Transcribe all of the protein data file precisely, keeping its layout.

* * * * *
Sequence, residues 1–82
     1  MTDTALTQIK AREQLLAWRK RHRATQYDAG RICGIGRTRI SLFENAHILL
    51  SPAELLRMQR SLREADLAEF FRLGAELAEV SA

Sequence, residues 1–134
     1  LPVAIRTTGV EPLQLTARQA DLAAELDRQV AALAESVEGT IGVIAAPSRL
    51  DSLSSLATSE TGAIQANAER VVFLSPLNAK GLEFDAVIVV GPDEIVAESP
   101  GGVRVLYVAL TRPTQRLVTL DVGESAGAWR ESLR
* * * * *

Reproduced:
Sequence, residues 1–82
     1  MTDTALTQIK AREQLLAWRK RHRATQYDAG RICGIGRTRI SLFENAHILL
    51  SPAELLRMQR SLREADLAEF FRLGAELAEV SA

Sequence, residues 1–134
     1  LPVAIRTTGV EPLQLTARQA DLAAELDRQV AALAESVEGT IGVIAAPSRL
    51  DSLSSLATSE TGAIQANAER VVFLSPLNAK GLEFDAVIVV GPDEIVAESP
   101  GGVRVLYVAL TRPTQRLVTL DVGESAGAWR ESLR